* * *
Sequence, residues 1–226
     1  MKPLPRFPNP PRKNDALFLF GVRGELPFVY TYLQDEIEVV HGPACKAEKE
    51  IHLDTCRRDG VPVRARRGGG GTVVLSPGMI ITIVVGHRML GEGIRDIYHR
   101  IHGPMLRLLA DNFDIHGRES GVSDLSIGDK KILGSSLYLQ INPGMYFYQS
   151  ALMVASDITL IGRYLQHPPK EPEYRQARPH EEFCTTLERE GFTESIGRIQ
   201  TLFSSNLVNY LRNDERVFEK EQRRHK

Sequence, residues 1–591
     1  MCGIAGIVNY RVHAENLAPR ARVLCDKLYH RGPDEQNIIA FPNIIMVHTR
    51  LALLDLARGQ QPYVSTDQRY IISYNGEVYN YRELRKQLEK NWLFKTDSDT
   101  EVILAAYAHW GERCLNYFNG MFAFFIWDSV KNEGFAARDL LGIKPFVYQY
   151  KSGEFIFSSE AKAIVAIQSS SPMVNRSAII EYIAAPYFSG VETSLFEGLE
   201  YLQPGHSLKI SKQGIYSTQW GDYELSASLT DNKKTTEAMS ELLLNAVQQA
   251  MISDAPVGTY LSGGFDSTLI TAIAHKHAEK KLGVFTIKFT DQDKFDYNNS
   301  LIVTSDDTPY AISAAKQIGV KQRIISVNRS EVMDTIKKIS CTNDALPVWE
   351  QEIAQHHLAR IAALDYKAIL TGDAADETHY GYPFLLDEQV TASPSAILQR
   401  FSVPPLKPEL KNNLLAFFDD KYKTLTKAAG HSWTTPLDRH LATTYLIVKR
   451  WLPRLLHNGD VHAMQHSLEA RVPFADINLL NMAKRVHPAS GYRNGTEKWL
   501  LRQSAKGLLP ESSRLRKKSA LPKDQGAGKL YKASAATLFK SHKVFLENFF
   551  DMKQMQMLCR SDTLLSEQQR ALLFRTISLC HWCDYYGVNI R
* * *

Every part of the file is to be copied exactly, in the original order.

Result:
Sequence, residues 1–226
     1  MKPLPRFPNP PRKNDALFLF GVRGELPFVY TYLQDEIEVV HGPACKAEKE
    51  IHLDTCRRDG VPVRARRGGG GTVVLSPGMI ITIVVGHRML GEGIRDIYHR
   101  IHGPMLRLLA DNFDIHGRES GVSDLSIGDK KILGSSLYLQ INPGMYFYQS
   151  ALMVASDITL IGRYLQHPPK EPEYRQARPH EEFCTTLERE GFTESIGRIQ
   201  TLFSSNLVNY LRNDERVFEK EQRRHK

Sequence, residues 1–591
     1  MCGIAGIVNY RVHAENLAPR ARVLCDKLYH RGPDEQNIIA FPNIIMVHTR
    51  LALLDLARGQ QPYVSTDQRY IISYNGEVYN YRELRKQLEK NWLFKTDSDT
   101  EVILAAYAHW GERCLNYFNG MFAFFIWDSV KNEGFAARDL LGIKPFVYQY
   151  KSGEFIFSSE AKAIVAIQSS SPMVNRSAII EYIAAPYFSG VETSLFEGLE
   201  YLQPGHSLKI SKQGIYSTQW GDYELSASLT DNKKTTEAMS ELLLNAVQQA
   251  MISDAPVGTY LSGGFDSTLI TAIAHKHAEK KLGVFTIKFT DQDKFDYNNS
   301  LIVTSDDTPY AISAAKQIGV KQRIISVNRS EVMDTIKKIS CTNDALPVWE
   351  QEIAQHHLAR IAALDYKAIL TGDAADETHY GYPFLLDEQV TASPSAILQR
   401  FSVPPLKPEL KNNLLAFFDD KYKTLTKAAG HSWTTPLDRH LATTYLIVKR
   451  WLPRLLHNGD VHAMQHSLEA RVPFADINLL NMAKRVHPAS GYRNGTEKWL
   501  LRQSAKGLLP ESSRLRKKSA LPKDQGAGKL YKASAATLFK SHKVFLENFF
   551  DMKQMQMLCR SDTLLSEQQR ALLFRTISLC HWCDYYGVNI R